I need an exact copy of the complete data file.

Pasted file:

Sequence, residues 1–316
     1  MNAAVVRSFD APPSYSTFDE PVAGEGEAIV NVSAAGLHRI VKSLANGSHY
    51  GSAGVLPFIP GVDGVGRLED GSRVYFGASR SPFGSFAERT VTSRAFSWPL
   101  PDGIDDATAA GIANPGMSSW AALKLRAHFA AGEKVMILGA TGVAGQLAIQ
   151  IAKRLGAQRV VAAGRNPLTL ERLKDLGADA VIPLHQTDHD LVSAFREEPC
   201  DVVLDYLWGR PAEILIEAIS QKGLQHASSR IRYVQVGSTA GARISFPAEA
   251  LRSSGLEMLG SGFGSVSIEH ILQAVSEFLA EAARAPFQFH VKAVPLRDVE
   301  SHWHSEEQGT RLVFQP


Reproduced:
Sequence, residues 1–316
     1  MNAAVVRSFD APPSYSTFDE PVAGEGEAIV NVSAAGLHRI VKSLANGSHY
    51  GSAGVLPFIP GVDGVGRLED GSRVYFGASR SPFGSFAERT VTSRAFSWPL
   101  PDGIDDATAA GIANPGMSSW AALKLRAHFA AGEKVMILGA TGVAGQLAIQ
   151  IAKRLGAQRV VAAGRNPLTL ERLKDLGADA VIPLHQTDHD LVSAFREEPC
   201  DVVLDYLWGR PAEILIEAIS QKGLQHASSR IRYVQVGSTA GARISFPAEA
   251  LRSSGLEMLG SGFGSVSIEH ILQAVSEFLA EAARAPFQFH VKAVPLRDVE
   301  SHWHSEEQGT RLVFQP